Other international bodies, including the International Labour Organization, also adopt this approach.[171] Consequently, the introduction of a menstrual leave provision will help to fulfil Australia’s human rights obligations, furthering the aims of the CEDAW in respect of substantive equality. Apart from recognising a paid statutory menstrual leave scheme to meet Australia’s international obligations under the CEDAW, Part V below explains that Australia is out-of-step with other jurisdictions that have already adopted menstrual leave schemes.

V Internationally Out-of-Step

Australia’s current approach — or lack thereof — to paid menstrual leave is out-of-step with other countries, particularly in Asia, where such an entitlement has been recognised in statute in several jurisdictions. Notwithstanding its recognition in those jurisdictions, our research indicates that the level of uptake of the entitlement in its various iterations has been relatively low.[172] Nevertheless, it is our view that with necessary societal and attitudinal shifts, Australia has great potential to move towards a widely accepted and unashamedly utilised paid menstrual leave statutory scheme.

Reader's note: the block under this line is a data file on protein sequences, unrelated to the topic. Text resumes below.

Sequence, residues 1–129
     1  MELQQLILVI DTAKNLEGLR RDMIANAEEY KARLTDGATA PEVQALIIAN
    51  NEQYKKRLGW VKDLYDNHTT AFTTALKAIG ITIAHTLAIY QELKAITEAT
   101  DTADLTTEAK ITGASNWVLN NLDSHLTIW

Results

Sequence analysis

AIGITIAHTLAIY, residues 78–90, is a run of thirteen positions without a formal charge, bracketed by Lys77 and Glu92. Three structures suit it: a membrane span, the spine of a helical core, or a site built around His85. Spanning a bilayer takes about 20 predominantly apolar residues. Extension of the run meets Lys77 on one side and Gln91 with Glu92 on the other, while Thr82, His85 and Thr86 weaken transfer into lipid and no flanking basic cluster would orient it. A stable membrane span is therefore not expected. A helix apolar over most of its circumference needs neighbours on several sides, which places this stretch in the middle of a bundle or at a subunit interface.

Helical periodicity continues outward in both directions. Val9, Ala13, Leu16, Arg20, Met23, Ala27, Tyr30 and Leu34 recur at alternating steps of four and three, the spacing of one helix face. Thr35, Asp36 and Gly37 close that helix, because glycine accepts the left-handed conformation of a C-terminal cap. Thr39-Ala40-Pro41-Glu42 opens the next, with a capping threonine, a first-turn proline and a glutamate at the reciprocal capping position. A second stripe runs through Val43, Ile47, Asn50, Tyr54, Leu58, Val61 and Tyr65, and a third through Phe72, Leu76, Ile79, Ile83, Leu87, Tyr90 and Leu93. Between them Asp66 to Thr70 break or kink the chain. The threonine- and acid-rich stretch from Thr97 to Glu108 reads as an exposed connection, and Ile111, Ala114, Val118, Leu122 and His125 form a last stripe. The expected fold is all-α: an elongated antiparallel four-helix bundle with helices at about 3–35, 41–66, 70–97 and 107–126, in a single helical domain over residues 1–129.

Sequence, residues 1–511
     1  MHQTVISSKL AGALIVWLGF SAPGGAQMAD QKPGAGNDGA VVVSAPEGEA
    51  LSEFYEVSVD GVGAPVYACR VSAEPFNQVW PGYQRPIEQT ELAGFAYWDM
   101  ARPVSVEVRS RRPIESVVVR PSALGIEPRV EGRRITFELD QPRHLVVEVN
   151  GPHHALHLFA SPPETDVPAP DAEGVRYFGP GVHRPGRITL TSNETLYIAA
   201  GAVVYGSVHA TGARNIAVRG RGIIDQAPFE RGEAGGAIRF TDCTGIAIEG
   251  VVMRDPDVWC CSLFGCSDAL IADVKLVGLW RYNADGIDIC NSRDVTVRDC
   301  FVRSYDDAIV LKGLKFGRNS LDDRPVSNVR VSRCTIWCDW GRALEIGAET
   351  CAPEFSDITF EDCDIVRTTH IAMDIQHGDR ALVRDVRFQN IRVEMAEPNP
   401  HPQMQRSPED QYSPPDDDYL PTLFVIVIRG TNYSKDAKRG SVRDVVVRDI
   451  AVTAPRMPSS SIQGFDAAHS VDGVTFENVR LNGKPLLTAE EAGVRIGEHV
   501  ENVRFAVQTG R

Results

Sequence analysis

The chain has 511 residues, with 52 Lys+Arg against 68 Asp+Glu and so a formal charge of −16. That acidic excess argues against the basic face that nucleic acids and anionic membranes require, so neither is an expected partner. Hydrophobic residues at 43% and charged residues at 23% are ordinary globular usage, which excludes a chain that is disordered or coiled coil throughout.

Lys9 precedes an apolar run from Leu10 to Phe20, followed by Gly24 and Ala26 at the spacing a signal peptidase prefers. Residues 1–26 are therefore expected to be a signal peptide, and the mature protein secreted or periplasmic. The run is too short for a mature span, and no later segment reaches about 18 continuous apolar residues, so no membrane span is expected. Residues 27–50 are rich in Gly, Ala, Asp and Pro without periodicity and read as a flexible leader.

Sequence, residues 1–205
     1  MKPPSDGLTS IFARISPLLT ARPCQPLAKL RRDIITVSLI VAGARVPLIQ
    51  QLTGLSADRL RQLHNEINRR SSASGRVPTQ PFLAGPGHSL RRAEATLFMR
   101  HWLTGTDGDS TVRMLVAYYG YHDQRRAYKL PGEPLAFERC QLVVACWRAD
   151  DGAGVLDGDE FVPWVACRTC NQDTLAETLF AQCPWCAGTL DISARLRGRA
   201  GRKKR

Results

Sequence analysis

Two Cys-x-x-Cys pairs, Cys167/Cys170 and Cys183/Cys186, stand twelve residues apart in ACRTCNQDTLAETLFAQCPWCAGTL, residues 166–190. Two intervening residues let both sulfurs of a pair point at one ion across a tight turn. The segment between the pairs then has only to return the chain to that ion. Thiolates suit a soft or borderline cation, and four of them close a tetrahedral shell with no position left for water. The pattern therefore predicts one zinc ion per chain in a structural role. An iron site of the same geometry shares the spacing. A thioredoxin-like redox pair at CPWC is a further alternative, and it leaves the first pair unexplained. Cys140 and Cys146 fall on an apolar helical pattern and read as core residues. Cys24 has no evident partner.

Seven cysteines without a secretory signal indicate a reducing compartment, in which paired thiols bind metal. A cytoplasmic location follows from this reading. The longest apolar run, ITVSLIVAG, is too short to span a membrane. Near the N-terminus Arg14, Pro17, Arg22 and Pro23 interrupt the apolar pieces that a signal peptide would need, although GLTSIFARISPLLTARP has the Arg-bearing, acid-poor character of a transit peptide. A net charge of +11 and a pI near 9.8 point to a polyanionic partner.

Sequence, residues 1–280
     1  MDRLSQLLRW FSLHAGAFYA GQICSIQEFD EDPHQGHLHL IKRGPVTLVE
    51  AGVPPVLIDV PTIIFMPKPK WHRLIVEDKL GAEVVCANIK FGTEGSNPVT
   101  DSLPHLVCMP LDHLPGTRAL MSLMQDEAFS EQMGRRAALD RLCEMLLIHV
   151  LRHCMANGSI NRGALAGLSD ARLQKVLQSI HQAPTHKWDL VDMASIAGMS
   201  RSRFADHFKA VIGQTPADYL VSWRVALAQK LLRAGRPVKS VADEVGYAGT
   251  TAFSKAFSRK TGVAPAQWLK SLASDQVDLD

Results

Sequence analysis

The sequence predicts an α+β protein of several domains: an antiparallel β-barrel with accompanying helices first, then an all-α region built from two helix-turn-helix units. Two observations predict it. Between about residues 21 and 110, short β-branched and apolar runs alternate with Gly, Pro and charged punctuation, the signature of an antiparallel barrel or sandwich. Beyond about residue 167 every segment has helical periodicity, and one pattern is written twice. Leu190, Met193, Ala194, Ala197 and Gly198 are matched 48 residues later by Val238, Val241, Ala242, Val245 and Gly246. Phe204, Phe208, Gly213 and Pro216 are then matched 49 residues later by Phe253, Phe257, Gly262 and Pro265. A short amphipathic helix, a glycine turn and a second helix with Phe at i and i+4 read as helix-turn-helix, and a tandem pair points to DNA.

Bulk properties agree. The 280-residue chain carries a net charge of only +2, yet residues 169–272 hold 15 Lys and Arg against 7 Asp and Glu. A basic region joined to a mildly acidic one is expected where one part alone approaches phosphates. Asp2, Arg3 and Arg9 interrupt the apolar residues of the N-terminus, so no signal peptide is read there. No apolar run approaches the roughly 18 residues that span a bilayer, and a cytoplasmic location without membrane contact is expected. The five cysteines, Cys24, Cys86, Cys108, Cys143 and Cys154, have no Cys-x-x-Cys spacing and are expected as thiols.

Despite the stagnation of Australia’s progress toward achieving gender equality highlighted above, societal attitudes regarding menstruation appear to be shifting. A primary example of this shift is that in late 2018, with effect from 1 January 2019, the Commonwealth, state and territory treasurers unanimously agreed to remove the Goods and Services Tax (‘GST’) that had applied to ‘feminine hygiene products’ since the GST’s introduction in 2000.[173] This reflects an important attitudinal repositioning in the Australian context, whereby women are no longer effectively punished by having to pay GST for feminine hygiene products, arising out of the mere fact they menstruate. With this legislative reform as a starting point, reference to existing paid menstrual leave statutory schemes in other jurisdictions provides useful context for the implementation of a statutory scheme in Australia.